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Sharon F. Cramer: It’s never too late to say thank you

As another academic year comes to a close, many people anchor their futures by looking backward. Taking pride in their own accomplishments, they also mentally give credit to others, those people who helped them evolve.

The powerful bonds between teacher and student, principal and teacher, mentor and mentee, are akin to musical celebrations: music arouses intellectual appreciation, but moves us by stirring our feelings.

Thinking back on interactions with a mentor or teacher includes memories of when the person pushed us to be better and rejoiced with us. A piece of music is not one single note endlessly repeated: memories of work with a mentor offer many vivid reflections. Instead of privately summoning up powerful memories, why not share them?

Several organizations to which I belong gave members opportunities to honor a mentor. I looked back over the decades to two mentors whose valuable guidance remained vivid: they envisioned more for (and of) me than I ever could have imagined on my own. Their confidence inspired me. I wrote to them, to let them know how much their encouragement had influenced me – and I was surprised at how touched each was by my outreach. Saying thank you is never “too late.”

Gratitude is at the core of being nurtured by a mentor. Instead of being a burden, or the source of guilt, any expression of gratitude touches both the giver and receiver; it can be likened to the reverberations created by plucking a stringed instrument. There are two completely separate outcomes: the finger feels the string respond, the instrument gives forth sound. Both mentor and mentee are touched in ways that defy categorization.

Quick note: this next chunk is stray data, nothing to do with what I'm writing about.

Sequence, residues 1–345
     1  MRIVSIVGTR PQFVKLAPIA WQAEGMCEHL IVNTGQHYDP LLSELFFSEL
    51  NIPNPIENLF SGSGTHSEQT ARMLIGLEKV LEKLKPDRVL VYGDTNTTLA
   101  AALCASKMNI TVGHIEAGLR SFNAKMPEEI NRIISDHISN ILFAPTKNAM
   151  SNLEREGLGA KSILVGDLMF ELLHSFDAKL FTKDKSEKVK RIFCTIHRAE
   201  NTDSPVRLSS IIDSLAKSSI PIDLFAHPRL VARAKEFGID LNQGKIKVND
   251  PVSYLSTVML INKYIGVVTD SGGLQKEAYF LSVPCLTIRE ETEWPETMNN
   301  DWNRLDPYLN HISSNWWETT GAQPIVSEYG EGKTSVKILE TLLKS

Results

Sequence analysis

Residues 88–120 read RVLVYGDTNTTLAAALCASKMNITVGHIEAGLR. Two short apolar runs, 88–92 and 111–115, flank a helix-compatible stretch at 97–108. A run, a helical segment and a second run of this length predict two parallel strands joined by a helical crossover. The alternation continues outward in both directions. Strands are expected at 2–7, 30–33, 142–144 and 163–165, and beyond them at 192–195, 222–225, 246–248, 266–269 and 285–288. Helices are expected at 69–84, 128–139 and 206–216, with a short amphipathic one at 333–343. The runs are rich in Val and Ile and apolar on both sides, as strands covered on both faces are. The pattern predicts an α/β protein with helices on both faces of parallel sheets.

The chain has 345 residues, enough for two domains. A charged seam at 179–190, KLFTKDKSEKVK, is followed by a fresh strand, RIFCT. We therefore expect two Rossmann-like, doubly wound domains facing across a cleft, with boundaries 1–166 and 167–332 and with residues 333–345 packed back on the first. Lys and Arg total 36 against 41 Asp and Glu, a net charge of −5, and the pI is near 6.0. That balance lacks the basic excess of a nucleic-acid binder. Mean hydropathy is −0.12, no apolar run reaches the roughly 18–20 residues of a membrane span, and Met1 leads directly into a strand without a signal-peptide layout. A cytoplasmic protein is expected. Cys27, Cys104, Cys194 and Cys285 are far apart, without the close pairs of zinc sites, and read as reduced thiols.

At the simplest level, gratitude is an expression of thanks. “Thank you” need not be elaborate to be meaningful. When my father was closing his upholstery business in 2005, after 57 years, he sent me a box containing every written expression of thanks he had ever received. I took his package, and made sure the notes never disappeared. Many are captured at

He kept everything – invoices with just a few scribbled words, returned with the check, as well as elaborate explanations of how the writer appreciated his perfect upholstery or the extra effort my father expended. The notes told stories about him, as well as about his customers’ lives. The oldest, from the earliest years of his business, showed the remains of tape; he had posted the note, savored the thanks. Reading, I learned much about him.

Recently, I was on the other side of such sharing. A condolence letter I sent was meaningful to the daughter who received it: “You helped me to see the effect my mother’s work had on others.”

Ripples of gratitude can extend even further. At Nardin Academy’s graduation ceremony, the outgoing president helped the graduates and their families to better understand gratitude. Marsha Joy Sullivan shared her deepest appreciation for all that her years of service at Nardin had meant to her. She helped her audience members to see clear connections between her gratitude for their involvement with her, and the generosity she experienced toward them.

Barriers – be they time, reluctance or uncertainty – can be surmounted when gratitude morphs into generosity.